February 21, 2004

Iran Election Coverage

Pejmanesque has a roundup on the day's events in Iran. Here's part of Pejman's excerpt from coverage by The Guardian:

Iran's hardline government was harnessing the power of the state media to convince citizens to turn out and vote in national elections today in an effort to drown out calls by the reformist opposition for a boycott of the polls. A landslide win in elections four years ago gave reformists a majority in parliament. But all attempts at significant changes have been blocked by the non-elected clerical authorities led by supreme leader Ayatollah Ali Khamenei - whose supporters consider him answerable only to God.

The reformers have urged a mass boycott after the conservative theocracy banned more than 2,300 candidates. The blacklist included reformist activists and politicians who have been demanding that the ruling clerics cede some of their power.

Voters are widely expected to restore control of the 290-seat chamber to conservative hardliners, but turnout is emerging as a decisive test of power between the two sides. A sharp drop in voter turnout could embarrass the Islamic establishment and taint the new parliament. For reformers, it also would be considered an encouraging sign of public support.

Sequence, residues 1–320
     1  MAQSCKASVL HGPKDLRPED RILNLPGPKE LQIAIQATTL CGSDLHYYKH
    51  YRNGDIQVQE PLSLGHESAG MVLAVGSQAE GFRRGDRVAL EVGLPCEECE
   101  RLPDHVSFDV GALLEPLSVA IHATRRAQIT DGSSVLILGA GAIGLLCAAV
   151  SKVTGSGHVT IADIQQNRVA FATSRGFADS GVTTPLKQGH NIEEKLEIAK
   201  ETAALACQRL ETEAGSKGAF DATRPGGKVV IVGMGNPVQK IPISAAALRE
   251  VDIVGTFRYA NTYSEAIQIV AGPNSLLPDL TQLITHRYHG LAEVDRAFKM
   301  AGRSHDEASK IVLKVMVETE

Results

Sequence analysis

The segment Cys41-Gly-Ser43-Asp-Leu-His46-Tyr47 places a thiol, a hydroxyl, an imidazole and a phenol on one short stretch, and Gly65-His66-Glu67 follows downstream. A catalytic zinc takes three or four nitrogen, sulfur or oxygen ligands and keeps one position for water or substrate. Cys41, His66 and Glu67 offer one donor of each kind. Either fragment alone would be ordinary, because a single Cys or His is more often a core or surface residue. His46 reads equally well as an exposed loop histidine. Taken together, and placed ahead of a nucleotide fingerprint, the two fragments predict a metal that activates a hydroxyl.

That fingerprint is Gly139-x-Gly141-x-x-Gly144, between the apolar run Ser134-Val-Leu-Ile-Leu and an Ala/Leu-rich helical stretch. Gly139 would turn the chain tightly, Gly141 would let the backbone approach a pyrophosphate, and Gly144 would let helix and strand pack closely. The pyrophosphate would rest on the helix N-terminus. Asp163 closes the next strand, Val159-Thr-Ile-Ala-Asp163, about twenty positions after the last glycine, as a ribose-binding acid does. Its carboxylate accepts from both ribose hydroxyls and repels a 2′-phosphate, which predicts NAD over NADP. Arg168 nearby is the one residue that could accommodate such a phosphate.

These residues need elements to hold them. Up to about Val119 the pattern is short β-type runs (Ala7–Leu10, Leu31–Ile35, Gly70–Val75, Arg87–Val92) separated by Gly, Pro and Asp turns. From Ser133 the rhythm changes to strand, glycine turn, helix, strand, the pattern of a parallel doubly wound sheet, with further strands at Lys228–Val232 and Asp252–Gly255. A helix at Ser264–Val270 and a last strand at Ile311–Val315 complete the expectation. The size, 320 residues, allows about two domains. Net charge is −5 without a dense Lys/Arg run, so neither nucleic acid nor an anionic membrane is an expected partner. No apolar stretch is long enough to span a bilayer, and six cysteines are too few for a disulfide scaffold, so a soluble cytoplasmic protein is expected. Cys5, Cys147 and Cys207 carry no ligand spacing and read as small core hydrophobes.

As political analyst Davoud Bavand told the Associated Press news agency: "The lower the numbers, the bigger the reformers' silent victory."

Ayatollah Khamenei, the country's top political and religious authority, voted about 30 minutes after polls opened at 8am local time (4.30am GMT) at tens of thousands of venues, including mosques, desert outposts for nomads and cemeteries for those making the traditional weekly visit to graves.

"You see how those who are against the Iranian nation and the revolution are trying so hard to prevent people from going to the polls," Khamenei told state television in Tehran. "I do not think these enthusiastic young people will be prevented from fulfilling their duty."

Campaigners used email, websites and a blitz of mobile phone text messages to urge voters to stay away. Conservatives responded with the full power of state media: non-stop coverage radio and television coverage with pro-vote comments from citizens and leaders and claims of a massive turnout.

It was difficult to independently gauge the initial voter response. Some Tehran ballot stations were virtually empty, but other areas around the country reported a steady flow of voters.

Much more at Pejmanesque.

Posted by dan at February 21, 2004 1:18 AM